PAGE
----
WASHINGTON -- The International Dairy Foods Association (IDFA) takes strong exception to assertions made by the National Milk Producers Federation regarding the impact of proposed dairy policy reform on exports. NMPF claims that eliminating the Dairy Product Price Support Program will provide more incentive for exports. However, economic models show that the Dairy Market Stabilization Program (DMSP), included in draft legislation offered for discussion by Rep. Collin Peterson (D-MN), would have significantly lowered U.S. dairy exports and hurt industry growth at a cost of thousands of U.S. jobs if it had been in effect in 2009, according to respected economists.
The March 2011 study by the Food and Agricultural Policy Research Institute (FAPRI) of the University of Missouri, The Economic Impact of the Dairy Market Stabilization Program on 2009 Dairy Markets, directly calculates that U.S. dairy exports would have dropped significantly if the DMSP had triggered limits to farm milk production during the dates reviewed. Study results from the appendix table show that during three months - March, April and May of 2009 - U.S. exports of nonfat dry milk would have fallen by 38 percent, butter exports by 16.4 percent and American cheese exports by 8 percent.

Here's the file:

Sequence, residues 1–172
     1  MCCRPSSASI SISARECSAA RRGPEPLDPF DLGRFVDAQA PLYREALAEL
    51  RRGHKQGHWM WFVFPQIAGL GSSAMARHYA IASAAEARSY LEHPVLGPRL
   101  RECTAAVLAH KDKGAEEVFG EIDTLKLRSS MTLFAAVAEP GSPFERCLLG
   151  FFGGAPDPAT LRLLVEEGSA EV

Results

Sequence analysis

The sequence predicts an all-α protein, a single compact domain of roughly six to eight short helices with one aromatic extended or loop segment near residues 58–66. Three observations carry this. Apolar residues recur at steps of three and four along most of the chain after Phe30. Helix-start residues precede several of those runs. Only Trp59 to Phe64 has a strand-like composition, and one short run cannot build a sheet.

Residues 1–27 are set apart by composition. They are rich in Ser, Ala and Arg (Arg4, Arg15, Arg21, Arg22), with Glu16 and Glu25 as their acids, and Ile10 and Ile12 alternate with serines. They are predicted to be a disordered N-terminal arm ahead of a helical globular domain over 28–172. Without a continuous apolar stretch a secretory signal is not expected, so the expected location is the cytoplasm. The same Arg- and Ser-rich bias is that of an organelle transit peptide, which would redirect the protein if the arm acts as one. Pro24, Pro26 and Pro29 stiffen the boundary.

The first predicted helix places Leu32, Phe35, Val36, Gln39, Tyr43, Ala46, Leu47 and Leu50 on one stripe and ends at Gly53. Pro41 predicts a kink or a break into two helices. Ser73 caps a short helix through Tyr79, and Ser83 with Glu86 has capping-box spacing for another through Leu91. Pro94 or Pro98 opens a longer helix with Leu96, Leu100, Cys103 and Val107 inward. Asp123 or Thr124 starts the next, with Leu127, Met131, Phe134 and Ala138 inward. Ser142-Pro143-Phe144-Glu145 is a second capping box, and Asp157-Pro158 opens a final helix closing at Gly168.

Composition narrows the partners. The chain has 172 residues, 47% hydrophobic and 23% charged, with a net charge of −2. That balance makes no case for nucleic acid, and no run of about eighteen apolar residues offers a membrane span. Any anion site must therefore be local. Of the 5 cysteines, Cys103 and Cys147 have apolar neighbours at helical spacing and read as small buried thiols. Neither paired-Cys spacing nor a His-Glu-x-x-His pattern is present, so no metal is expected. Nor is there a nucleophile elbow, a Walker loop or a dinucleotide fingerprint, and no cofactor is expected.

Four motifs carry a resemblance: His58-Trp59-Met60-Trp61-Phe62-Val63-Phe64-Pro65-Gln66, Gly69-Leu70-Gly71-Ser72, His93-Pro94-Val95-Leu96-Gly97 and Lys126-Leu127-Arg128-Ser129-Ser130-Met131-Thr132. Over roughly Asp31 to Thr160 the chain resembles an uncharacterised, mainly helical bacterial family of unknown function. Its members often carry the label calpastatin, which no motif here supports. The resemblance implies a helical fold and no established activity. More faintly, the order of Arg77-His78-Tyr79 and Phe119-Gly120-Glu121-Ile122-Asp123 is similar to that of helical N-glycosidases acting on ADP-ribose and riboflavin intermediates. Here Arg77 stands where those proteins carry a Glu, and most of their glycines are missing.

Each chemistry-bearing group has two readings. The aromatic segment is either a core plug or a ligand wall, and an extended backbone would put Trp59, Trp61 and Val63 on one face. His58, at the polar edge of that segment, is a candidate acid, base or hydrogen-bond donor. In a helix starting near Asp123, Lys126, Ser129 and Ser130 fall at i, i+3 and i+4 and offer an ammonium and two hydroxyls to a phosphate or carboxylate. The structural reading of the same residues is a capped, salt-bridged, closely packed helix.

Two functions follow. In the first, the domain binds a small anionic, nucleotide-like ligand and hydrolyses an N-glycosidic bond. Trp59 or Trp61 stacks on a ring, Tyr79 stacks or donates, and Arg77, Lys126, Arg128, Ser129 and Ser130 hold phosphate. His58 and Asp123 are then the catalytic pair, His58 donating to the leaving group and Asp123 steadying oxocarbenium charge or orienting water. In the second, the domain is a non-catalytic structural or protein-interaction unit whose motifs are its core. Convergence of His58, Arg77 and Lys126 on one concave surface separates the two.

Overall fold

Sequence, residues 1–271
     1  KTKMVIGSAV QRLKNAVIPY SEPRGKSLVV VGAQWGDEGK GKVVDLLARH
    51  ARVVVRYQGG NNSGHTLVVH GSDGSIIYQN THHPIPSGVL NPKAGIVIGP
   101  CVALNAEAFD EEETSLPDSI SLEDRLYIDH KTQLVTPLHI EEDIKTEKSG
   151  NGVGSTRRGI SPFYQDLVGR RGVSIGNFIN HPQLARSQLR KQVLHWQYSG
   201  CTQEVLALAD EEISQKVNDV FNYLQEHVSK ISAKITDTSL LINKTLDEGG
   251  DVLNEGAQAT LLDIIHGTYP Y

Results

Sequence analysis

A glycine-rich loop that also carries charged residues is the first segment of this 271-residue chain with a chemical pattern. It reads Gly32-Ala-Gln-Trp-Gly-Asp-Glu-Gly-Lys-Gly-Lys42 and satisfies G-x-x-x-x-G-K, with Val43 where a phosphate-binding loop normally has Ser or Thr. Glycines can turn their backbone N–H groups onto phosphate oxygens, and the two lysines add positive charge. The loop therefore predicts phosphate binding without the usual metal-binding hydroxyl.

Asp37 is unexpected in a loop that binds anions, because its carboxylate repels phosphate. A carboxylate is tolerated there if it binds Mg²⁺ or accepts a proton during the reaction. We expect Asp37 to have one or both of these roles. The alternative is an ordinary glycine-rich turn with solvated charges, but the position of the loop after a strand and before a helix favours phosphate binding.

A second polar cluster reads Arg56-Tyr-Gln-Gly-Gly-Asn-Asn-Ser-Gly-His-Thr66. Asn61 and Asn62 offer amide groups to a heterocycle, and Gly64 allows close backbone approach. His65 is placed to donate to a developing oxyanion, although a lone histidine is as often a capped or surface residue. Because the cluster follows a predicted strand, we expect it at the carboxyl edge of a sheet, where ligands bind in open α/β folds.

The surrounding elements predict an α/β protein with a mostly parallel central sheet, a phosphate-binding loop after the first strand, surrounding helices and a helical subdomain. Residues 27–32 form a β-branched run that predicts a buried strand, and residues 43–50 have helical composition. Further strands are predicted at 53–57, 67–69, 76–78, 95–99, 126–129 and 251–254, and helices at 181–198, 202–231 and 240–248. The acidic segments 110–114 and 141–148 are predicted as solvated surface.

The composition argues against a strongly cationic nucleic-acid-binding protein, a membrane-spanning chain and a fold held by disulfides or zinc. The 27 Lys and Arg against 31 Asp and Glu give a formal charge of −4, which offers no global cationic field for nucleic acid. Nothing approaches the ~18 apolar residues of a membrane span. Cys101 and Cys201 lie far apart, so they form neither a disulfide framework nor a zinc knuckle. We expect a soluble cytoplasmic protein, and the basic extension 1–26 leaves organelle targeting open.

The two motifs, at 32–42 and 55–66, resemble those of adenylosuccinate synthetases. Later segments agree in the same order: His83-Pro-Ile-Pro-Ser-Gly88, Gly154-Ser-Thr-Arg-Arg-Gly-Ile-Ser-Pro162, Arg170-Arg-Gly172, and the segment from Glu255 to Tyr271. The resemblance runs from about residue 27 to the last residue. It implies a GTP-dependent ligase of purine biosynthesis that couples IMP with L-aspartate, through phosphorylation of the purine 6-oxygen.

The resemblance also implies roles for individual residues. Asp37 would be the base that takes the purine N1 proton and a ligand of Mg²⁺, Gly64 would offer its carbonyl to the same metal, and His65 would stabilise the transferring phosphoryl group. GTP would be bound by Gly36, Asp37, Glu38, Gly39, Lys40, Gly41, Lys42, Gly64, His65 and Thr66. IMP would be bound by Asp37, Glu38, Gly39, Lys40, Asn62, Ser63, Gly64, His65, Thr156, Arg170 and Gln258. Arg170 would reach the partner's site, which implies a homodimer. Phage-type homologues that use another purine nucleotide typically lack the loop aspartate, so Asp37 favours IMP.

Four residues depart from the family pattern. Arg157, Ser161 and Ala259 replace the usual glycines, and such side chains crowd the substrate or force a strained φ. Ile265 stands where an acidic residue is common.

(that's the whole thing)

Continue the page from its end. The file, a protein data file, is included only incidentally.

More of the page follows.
"Most everyone now agrees that the price support program hurts dairy exports because it temporarily raises U.S. prices above international prices, yet the stabilization program operates in exactly the same way," said Jerry Slominski, IDFA senior vice president. "National Milk's proposal openly admits that its program will likely have this impact because it includes a provision that allows the Secretary of Agriculture to suspend the program if dairy prices are 20 percent above world prices for more than two months."
"By the time the 20-percent safeguard triggers, it's too late," said IDFA Chief Economist Bob Yonkers, who conducted a review of available data and published research on the proposed Dairy Market Stabilization Program. "Exports would be lost well before there is a 20-percent rise in U.S. prices over world prices. The goal is to be consistent, reliable exporters, and we can't do that if a government program periodically renders our prices uncompetitive."
Jon Davis, president and COO of Davisco Foods, one of the first dairy companies to recognize the significant value and potential of exports, warns that any reduction in exports will have a ripple effect on American jobs and the economy. "We are expanding production and adding jobs in places like Jerome, Idaho; Lake Norden, South Dakota; and LeSueur Minnesota--all because of the growing dairy export market."